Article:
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Tuesday, Sept. 26, 2006

Ozawa retains DPJ helm, is hospitalized

Party makes overtures to other opposition forces in '07 Diet poll runup


Staff writer

The Democratic Party of Japan officially reinstalled Ichiro Ozawa as president of the largest opposition force Monday at its extraordinary party convention in Tokyo.

News photo
Democratic party of Japan President Ichiro Ozawa expresses joy with acting President Naoto Kan (right) and Secretary General Yukio Hatoyama during a party convention Monday in Tokyo. YOSHIAKI MIURA PHOTO

"Our goal at the DPJ is to take over power and create a new Japan by breaking from the past and vested interests. This is real reform," Ozawa said at the meeting.

Right after the convention, however, he entered a Tokyo hospital due to a cold, DPJ officials said, adding that he will stay there for a few days for medical checks.

Acting DPJ President Naoto Kan and Secretary General Yukio Hatoyama were also endorsed at the meeting to continue in their posts.

According to Kan, Ozawa's personal doctor recommended that he have a checkup because he will have heavy tasks as DPJ head, including preparing for the Upper House election.

The presidential campaign kicked off Sept. 12, but with no other candidates running, Ozawa won a two-year term without a vote.

Social Democratic Party leader Mizuho Fukushima, People's New Party head Tamisuke Watanuke and former Nagano Gov. Yasuo Tanaka attended the meeting as guests, indicating the DPJ is trying to increase cooperation with other opposition forces in the runup to next summer's Upper House election.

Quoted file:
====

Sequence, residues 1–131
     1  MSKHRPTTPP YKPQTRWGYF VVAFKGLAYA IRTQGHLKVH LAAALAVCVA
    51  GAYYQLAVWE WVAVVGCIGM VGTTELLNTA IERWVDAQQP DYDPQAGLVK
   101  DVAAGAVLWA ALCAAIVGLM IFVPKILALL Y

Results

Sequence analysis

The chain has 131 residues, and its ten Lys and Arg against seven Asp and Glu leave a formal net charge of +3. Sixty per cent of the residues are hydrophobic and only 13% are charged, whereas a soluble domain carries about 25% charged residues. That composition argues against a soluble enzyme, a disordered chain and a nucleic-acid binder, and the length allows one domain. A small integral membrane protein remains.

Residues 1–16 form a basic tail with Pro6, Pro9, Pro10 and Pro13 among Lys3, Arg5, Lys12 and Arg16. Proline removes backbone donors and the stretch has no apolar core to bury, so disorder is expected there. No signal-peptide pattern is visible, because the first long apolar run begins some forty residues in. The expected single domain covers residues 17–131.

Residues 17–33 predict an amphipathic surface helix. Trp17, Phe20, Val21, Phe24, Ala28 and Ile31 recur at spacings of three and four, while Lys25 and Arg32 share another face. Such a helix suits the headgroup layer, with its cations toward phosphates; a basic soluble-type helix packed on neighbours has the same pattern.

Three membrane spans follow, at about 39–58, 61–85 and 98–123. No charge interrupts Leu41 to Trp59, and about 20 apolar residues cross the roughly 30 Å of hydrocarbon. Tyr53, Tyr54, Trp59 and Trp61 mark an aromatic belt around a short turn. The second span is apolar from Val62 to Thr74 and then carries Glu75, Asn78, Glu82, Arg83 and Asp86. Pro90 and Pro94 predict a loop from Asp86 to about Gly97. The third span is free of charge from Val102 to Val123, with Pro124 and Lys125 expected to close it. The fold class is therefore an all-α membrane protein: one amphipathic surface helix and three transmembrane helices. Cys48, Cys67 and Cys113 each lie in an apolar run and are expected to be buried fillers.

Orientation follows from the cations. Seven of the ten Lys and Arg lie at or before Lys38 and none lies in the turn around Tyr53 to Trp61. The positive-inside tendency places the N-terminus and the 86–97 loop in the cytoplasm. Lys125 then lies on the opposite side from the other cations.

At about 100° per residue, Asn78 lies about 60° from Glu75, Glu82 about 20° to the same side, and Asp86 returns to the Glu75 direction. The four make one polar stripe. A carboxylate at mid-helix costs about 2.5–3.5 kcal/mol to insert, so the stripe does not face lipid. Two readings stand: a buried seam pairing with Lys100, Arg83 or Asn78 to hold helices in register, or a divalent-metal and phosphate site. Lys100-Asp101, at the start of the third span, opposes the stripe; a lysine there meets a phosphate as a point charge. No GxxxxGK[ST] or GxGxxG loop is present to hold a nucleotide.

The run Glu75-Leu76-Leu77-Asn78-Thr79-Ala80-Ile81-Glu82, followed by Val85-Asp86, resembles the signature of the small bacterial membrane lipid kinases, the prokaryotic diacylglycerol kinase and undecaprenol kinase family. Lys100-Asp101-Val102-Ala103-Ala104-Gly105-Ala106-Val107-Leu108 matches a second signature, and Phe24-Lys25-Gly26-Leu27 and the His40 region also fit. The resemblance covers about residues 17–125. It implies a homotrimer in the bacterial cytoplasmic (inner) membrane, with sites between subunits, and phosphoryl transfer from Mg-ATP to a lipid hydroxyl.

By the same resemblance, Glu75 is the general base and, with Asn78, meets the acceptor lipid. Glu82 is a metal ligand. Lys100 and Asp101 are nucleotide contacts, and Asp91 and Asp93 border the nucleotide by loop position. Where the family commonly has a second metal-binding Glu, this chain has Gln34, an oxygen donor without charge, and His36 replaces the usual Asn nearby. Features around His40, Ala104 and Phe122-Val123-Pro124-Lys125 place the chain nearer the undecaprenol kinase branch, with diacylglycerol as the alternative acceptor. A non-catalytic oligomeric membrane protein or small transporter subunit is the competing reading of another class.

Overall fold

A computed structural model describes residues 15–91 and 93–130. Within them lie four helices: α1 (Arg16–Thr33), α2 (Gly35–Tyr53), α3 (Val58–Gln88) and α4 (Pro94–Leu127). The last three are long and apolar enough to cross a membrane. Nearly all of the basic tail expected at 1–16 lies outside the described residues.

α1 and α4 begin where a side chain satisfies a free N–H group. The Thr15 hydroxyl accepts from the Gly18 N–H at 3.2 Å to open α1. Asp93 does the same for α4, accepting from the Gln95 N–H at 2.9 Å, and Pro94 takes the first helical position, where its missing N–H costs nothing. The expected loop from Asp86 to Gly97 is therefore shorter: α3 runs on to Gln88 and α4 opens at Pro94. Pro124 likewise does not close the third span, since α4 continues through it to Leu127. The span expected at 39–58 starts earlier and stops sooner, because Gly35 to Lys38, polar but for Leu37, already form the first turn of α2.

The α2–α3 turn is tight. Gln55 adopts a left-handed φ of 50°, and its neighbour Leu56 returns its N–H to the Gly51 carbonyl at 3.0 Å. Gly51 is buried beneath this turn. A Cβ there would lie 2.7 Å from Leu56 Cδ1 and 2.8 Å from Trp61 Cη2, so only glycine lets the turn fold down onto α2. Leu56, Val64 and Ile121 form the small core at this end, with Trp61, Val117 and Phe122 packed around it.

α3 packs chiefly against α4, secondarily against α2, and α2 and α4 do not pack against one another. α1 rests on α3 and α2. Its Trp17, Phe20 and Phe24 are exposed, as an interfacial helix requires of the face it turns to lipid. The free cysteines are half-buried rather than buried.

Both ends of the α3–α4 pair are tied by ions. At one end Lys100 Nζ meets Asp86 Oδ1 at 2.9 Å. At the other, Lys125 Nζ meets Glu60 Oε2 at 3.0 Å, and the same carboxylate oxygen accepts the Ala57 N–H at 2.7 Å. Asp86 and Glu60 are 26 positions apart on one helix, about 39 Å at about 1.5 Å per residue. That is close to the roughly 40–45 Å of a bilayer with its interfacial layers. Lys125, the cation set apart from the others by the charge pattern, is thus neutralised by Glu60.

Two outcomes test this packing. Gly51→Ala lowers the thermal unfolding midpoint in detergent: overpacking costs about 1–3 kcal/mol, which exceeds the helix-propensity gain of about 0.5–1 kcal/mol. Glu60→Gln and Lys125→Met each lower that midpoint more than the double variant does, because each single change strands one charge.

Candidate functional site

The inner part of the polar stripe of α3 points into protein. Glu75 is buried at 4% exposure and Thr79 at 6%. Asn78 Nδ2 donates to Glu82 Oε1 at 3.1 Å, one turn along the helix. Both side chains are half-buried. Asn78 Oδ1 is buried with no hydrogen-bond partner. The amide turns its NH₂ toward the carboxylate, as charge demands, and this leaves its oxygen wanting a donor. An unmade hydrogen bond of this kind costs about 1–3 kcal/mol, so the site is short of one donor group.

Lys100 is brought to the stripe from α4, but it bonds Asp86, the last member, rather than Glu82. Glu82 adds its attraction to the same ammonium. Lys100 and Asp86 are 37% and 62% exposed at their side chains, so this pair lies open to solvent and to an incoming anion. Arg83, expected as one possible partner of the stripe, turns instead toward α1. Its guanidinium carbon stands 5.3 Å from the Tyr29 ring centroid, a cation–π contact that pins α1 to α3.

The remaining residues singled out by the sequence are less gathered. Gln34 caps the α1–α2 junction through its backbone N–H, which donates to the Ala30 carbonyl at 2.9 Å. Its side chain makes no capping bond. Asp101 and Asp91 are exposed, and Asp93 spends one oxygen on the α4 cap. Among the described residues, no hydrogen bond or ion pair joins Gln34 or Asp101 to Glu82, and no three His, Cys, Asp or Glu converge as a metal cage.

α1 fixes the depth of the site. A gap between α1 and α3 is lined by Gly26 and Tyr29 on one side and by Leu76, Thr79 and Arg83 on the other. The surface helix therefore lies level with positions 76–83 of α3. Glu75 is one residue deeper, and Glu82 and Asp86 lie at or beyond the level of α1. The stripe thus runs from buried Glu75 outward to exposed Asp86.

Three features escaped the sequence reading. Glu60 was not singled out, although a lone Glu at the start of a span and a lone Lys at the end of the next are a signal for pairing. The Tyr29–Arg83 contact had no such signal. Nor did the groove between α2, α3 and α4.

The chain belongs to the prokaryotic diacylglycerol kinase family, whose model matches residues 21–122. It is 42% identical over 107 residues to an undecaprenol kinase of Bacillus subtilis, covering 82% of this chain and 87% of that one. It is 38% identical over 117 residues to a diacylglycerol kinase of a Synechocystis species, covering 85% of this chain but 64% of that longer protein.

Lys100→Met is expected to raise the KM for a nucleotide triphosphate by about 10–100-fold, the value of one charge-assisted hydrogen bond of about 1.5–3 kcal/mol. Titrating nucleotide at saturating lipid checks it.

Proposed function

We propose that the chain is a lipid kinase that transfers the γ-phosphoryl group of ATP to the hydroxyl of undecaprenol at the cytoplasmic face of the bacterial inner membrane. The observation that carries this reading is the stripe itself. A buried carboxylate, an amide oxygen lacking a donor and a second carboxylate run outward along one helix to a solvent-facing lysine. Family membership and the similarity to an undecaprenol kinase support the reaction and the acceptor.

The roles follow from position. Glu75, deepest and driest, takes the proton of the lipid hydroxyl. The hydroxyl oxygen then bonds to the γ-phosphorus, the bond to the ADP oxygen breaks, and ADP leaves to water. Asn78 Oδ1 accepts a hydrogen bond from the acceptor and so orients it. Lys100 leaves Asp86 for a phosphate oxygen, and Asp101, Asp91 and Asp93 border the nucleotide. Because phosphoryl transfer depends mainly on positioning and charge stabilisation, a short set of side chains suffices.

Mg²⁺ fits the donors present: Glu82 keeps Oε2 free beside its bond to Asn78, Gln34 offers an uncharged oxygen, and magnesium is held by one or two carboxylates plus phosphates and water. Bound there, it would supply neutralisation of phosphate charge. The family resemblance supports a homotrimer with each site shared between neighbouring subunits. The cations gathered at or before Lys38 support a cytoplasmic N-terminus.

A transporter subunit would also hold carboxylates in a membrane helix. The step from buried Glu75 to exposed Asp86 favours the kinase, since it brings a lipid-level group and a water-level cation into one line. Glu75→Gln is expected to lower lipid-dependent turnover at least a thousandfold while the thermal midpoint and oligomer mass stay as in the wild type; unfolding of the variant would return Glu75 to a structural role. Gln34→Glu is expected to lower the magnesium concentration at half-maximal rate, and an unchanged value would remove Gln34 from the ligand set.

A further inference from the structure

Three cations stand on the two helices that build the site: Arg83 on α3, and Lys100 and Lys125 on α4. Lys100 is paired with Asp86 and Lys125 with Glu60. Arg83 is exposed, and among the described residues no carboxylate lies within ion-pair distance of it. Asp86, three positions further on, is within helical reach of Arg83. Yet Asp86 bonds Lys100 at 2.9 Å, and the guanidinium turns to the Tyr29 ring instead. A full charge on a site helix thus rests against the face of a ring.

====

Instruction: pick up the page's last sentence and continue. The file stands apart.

Earlier this month, Ozawa announced his policy platform, in which he stressed the need to address the growing inequality between rich and poor by creating a safety net to protect people from fierce economic competition.

On foreign policy, Ozawa said Japan needs to build a truly equal alliance with the United States while at the same time creating trusting relations in Asia, especially with China and South Korea.

Ozawa criticized Prime Minister Junichiro Koizumi, who will step down Tuesday, saying he ran a "demagogic government" that was extreme and biased. He did not elaborate.

During the convention, DPJ policy chief Takeaki Matsumoto was also reappointed to his position, and Diet affairs chief Kozo Watanabe became "Supreme Adviser" to the party. Former Vice President Yoshiaki Takagi took Watanabe's place as the head of Diet affairs.

Ozawa is a 13-term member of the Lower House who was first elected in 1969. In 1989, at age 47, he became secretary general of the Liberal Democratic Party but broke from the party with a group of LDP members in 1993, triggering the LDP's first loss of power in nearly 40 years.

Since then, Ozawa led Shinshinto, which dissolved in 1997, and was president of the Liberal Party, which formed in 1998 and merged with the DPJ in 2003.

Ozawa took over as head of the DPJ in April after Seiji Maehara resigned as president to take responsibility for false allegations made by the party that a son of LDP Secretary General Tsutomu Takebe had shady financial connections with Livedoor Co. founder Takafumi Horie.



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The Japan Times

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